As Memorial Day approaches, it feels appropriate to post my review of Andrew Krivak's new novel, "Like the Appearance of Horses." I mentioned the book a month ago as a recommended read, so the title may sound familiar. The story is about a family in which a grandfather, father, and son participate in the World Wars and the U.S. Vietnam War. The focus is not on combat, but on the profound connection among those who experience war’s many dimensions. Here's why I recommend this novel.
Category: Book Review
Art theft, espionage, and murder in WWII London
"Dead in the Water" is the new installment in Mark Ellis's WWII series featuring Scotland Yard’s DCI Frank Merlin. Smart and unpredictable, it’s a superior stand-alone detective/thriller novel with layers of fascinating characters, intrigue over Leonardo da Vinci rare drawings, and, with the Americans newly arrived, complications.
A sylvan delight: “The Forest” by Alexander Nemerov
This new book, set during Jacksonian America, seduced me with surprising ease. Its impressive, sometimes dramatic, sometimes reflective episodic tales fascinate with their combined historic and invented characters from the 1830s. Here's a brief review.
“Two Thousand Million Man-Power” by Gertrude Trevelyan
Gertrude Trevelyan is a British author whose novels were among the best published in the 1930s; however, they disappeared after her death in 1941. Today her work is being rediscovered, including this memorable novel that was first published to critical acclaim in 1937. It was one of my top favorites for 2022. Once forgotten, it now deserves lots of attention, even if I'm repeating myself. Here's a review.
“The world does not know that you are here.”
The world certainly knows Cormac McCarthy's new novel "The Passenger" is here. A 16-year wait for his fans, of which I have not been one until now, hooked irrevocably. His characters herein are geniuses, and so is this author. Here's what “The Passenger” is all about.
The unsung life of a famous painter
Award-winning author Steve Stern has a new novel out called "The Village Idiot." It creatively recounts the life of the renowned early 20th century Russian-French artist Chaim Soutine, whose paintings now reside in art institutions around the world. The story powerfully imagines the inner life of this genius. Here's a review.
“The Half Life of Valery K” by Natasha Pulley
A nuclear specialist is mysteriously transferred from a Siberian labor camp to an unnamed Soviet city. His assignment exposes him to an irradiated environment that resident scientists and the KGB deny. So begins a complex drama in Natasha Pulley’s newest fiction set in 1963. Here's a review.
Controlled perception: a 20th century tycoon’s life
Hernan Diaz's new novel "Trust" is getting a lot of attention, and it's not surprising. The book creatively embraces the distortions power and wealth enable, bending reality. It's a story that leaves its mark, long remembered after the last page. Here's a review.
Lost man at sea, lost novel recovered
"Gentleman Overboard" by Herbert Clyde Lewis published in 1937 slipped into forgotten books land as so many good books do (and shouldn't) until it was rescued. It's the story of Henry Preston Standish, who finds himself floating in the Pacific Ocean, sure the ship he fell off of will turn around and pick him up. It's ingenious tragicomedy with an objective. You've got to read it.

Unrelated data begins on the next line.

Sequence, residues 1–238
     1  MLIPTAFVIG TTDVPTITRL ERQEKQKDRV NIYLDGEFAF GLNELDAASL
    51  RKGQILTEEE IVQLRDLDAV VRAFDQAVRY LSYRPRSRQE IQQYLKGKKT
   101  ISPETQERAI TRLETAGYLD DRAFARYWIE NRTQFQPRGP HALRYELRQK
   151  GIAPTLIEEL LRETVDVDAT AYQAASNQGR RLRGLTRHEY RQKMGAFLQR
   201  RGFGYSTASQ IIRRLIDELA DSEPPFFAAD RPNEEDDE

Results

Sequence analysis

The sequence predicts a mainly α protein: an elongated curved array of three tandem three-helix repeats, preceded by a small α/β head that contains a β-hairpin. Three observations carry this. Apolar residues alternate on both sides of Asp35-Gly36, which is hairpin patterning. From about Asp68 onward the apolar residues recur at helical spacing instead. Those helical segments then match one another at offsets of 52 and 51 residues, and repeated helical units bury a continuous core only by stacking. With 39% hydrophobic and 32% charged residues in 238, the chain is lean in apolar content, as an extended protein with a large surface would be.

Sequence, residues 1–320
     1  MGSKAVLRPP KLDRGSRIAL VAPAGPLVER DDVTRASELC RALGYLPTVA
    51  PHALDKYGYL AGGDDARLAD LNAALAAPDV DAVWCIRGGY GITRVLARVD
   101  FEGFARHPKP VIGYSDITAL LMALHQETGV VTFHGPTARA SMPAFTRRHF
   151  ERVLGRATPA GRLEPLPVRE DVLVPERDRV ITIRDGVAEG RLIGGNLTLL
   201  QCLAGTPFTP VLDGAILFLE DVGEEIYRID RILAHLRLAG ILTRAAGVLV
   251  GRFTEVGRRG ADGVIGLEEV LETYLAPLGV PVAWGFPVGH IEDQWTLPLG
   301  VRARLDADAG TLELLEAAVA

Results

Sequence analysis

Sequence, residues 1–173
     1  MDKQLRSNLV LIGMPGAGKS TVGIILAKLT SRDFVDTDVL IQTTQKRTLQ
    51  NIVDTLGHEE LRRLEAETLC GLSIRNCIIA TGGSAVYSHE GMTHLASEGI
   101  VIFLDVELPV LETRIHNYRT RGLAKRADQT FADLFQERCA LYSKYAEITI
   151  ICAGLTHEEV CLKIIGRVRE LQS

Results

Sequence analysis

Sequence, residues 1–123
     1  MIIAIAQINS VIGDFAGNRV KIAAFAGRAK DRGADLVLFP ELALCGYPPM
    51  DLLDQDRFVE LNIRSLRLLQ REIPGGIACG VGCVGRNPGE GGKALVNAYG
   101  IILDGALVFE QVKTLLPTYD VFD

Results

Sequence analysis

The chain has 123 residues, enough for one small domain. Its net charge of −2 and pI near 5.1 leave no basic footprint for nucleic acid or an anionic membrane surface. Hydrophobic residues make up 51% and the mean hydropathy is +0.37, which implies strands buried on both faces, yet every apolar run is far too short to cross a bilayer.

The story of a boy who studied with Bach
Author James Runcie is best known for his Sidney Chambers Mysteries, which have been turned into the popular PBS Grantchester series (one of my favorites) on MASTERPIECE. He’s written a new book called "The Great Passion" that’s not a mystery but historical fiction. It answers a question about the famous Baroque composer J.S. Bach. Here's what it’s all about.
Paris’s 19th century institutionalized female hysterics
The Salpêtrière hospital in Paris functioned as a city within a city, an enclosed asylum for women whose nerves were shot. That's my modern speak for what then neurologist Jean-Martin Charcot termed hysteria. In "City of Incurable Women," author Maud Casey lets their stories be known. Read more about her new book here.
A psychological page-turner brilliantly crafted
A chance encounter at an airport and a delayed flight together offer the perfect opportunity for a man to tell the story of how he rescued a drowning swimmer and what came after, a story he’s never shared with anyone. Prepare to stay up all night (or to drop everything) to read “Mouth to Mouth,” Antoine Wilson’s newest novel, a story within a story that explores themes of deception and manipulation. Read the review here.
Mahmood Mattan’s tragic story
"The Fortune Men" is a fictionalized account of a gross miscarriage of justice that sent a Somali sailor to the gallows in 1952 Cardiff, Wales. Shortlisted for Britain’s 2021 Booker and Costa literary awards, it’s received much attention and praise. Here’s a review.
A man walks into a tacky hotel
"Winter in Sokcho" by Elisa Shua Dusapin tells the story of a stranger arriving in an isolated South Korean fishing village. He’s a graphic novelist looking for peace and quiet to complete his final book in a series. The unnamed narrator, who works at the guesthouse where he takes a room, becomes his tour guide, and also his unexpected emotional life reckoning. Her voice is enticing. Read more here about this award-winning novel.
The sad, mad world of housewives in the 1960’s and 70’s
Author Hilma Wolitzer has gained a reputation as one of our best fiction writers who, according to The Washington Post, “raises ordinary people and everyday occurrences to a new height.” Thirteen stories are collected for the first time in her new book since their publication in magazines during the 1960s and '70s. They're funny, heartrending treasures about an unforgettable couple, Paulette and Howard, and others. Read more about them, here.